Photographing Jetski races is one of the most difficult tasks of photography and one of the least discussed online because of the little global interest among people. Being an expensive sport there are few people able to achieve both physical and financial support for this kind of exercise. Someone needs to be in constant contact with the sea (or lake) throughout the year in order not to lose his skills. This is also a sport that demands a lot of free time and access to the sea and it is difficult for city people to combine it with their daily jobs.
There are some people, though, that can handle all of the above and when you see the speed and skill needed to ride one of these sea-bikes you can only admire and feel the rush. It was one of these races I attended back in October of 2011 in Kalamata, the 6th National championship race. I knew the place and the time (I had 2 more days to retry if some shots were not successful) and I knew the angles I would have in my disposal for the shooting.
It was really a challenge of my skills in addition to the racers skills. I needed very fast shutter speeds, a great sun, good timing, good framing and a good place to stand. I had a great sun all the days and I found 4 locations one of which was very far and I discarded it immediately. There was one position where the judges would be located and it had a great view as the racers would pass in front of them. Another location was at the right of the judges, I would have all the action in front of me and all I needed to do is weigh my frames and regulate the Depth of Field. There was also another spot in the left of the judges (where I went for the first round), but it was too far and the position of the sun at 11:00 in the morning was not so good. I shot a couple of shots there and realized that it was not what I wanted, so I rushed to the judges spot.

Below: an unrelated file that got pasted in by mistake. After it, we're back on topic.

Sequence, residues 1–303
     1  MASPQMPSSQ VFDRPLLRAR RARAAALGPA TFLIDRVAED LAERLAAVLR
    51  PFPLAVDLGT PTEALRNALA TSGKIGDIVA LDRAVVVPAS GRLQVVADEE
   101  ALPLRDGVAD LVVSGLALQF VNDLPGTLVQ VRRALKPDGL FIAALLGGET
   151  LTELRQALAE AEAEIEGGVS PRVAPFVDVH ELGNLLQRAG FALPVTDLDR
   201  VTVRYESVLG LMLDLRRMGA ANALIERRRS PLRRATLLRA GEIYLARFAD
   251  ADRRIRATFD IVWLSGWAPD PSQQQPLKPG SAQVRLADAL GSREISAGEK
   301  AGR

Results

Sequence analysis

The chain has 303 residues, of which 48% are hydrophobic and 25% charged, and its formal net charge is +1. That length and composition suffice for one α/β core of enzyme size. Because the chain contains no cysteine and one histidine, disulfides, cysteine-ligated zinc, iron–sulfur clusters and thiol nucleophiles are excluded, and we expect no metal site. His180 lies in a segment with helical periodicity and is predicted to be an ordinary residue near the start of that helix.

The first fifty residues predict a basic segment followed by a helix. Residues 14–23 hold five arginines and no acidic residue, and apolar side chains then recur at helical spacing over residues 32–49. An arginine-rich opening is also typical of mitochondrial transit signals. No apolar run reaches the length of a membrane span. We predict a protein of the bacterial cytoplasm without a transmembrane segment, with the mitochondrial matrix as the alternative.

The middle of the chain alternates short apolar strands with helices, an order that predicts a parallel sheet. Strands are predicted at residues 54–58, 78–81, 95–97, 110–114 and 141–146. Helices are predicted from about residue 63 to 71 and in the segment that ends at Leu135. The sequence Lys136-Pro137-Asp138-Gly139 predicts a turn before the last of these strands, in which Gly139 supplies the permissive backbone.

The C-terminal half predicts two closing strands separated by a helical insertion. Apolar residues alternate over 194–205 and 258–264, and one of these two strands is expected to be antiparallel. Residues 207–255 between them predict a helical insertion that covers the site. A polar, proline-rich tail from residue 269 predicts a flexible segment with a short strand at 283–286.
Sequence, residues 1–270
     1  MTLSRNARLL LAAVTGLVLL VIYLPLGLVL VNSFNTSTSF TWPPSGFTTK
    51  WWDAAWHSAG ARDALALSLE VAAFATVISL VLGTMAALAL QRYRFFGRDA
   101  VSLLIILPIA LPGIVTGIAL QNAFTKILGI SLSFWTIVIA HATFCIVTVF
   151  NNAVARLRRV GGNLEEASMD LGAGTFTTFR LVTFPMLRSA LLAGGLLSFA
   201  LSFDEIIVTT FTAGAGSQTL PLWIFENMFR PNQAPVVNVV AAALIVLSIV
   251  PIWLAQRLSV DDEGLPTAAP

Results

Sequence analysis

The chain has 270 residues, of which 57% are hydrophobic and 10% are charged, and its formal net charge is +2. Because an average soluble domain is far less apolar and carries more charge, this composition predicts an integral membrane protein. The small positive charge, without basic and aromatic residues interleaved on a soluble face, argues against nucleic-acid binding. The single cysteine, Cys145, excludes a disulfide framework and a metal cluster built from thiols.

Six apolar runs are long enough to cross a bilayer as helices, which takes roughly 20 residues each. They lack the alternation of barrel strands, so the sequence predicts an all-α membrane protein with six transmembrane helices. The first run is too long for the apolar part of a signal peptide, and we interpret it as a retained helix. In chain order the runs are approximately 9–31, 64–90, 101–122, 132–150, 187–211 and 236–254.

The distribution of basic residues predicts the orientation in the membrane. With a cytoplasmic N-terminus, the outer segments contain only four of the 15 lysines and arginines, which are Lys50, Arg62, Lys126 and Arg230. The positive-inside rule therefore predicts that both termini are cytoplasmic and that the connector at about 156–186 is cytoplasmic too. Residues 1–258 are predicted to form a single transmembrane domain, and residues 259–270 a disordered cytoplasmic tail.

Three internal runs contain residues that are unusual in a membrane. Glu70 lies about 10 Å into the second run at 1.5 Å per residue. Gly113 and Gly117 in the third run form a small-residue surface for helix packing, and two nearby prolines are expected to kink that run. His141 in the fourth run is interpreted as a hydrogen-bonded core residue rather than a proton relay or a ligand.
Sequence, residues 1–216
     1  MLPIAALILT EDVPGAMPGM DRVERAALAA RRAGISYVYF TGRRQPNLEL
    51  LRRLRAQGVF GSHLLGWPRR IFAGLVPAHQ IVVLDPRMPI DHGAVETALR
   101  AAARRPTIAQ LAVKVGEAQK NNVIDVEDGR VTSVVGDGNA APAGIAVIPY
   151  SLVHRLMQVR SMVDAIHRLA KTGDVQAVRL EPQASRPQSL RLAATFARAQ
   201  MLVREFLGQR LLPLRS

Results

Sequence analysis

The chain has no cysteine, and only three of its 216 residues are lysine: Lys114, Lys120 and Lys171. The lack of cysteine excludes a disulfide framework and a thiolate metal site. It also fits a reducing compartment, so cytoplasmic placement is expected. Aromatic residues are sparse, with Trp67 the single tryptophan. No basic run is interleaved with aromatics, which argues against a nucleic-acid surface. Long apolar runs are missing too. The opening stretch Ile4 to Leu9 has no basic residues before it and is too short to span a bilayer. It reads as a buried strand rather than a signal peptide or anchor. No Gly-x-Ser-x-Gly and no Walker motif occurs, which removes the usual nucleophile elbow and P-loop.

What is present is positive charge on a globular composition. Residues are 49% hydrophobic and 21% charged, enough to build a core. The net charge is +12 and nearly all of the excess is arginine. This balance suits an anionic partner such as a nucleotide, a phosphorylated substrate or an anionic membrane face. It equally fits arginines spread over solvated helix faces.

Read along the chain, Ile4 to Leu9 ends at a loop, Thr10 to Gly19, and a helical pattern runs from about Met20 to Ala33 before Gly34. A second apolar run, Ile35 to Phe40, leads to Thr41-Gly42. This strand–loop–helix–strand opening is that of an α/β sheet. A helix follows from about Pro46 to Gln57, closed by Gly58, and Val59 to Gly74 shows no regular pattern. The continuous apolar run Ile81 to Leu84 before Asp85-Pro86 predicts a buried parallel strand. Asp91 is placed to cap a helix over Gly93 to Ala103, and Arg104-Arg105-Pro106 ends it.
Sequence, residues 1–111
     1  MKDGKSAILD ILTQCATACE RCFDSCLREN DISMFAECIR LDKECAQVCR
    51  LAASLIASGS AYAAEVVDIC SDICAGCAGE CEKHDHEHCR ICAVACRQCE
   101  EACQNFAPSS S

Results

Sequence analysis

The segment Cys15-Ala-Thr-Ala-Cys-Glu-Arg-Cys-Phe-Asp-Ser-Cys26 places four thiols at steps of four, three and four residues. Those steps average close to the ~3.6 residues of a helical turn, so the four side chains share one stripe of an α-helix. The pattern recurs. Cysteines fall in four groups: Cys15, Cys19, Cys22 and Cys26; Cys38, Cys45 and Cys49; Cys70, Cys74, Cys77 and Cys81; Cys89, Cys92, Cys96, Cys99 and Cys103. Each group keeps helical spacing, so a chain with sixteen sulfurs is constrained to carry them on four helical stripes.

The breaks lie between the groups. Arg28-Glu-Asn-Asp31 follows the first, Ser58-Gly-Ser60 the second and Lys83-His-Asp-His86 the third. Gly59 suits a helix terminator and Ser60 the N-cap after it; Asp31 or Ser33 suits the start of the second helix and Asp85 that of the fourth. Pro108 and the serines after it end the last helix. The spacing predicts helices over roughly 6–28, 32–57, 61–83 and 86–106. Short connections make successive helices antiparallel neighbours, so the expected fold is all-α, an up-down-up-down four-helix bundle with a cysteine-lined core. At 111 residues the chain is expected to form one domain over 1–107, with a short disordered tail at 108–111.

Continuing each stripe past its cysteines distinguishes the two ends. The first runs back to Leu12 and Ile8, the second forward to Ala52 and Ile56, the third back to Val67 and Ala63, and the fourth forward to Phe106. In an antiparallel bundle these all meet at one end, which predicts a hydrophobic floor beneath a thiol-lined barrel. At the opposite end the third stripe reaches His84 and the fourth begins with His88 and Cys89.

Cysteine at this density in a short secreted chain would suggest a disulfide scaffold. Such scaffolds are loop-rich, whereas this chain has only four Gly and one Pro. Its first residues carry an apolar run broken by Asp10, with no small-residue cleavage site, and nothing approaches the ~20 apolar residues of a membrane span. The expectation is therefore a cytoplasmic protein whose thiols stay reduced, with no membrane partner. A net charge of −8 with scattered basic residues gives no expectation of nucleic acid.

It was indeed a very good spot having all the action in front of me, but the harsh sun was both a friend and foe. I needed the shutter speed it provided, so I could use an aperture of f8 to f11 with a telephoto lens (a Sigma 70-300), but the harsh sun created a lot of shadows that, when compensated, they created a lot of blown out parts. I had to wait until the evening sun and change position for the last time, so that everything was balanced in the best way.
When I went at the right side of the judges, I did it at just the right time. I had all the action in front of me all the time and the sun was just barely behind me creating less shadows where the subjects were. I shot some very good fast action moments from that spot that I am very proud of. There were some zig-zags, some 180 degree turns and a lot of spray with Mount Taygetos as a background!
When I got what I needed I left the location for some serious fluid refueling, but it was only when I started post processing the photos when I got my first disappointment. I had a large number of out of focus and the shutter speed was not enough to freeze the action. In addition, the spray was not so vivid as I had it in my mind. I had to improvise! Thankfully I had some frozen action shots out of the whole bunch and I overcame the spray problem by applying a tonal contrast filter on top of only the highlights making the spray literally pop out of the screen.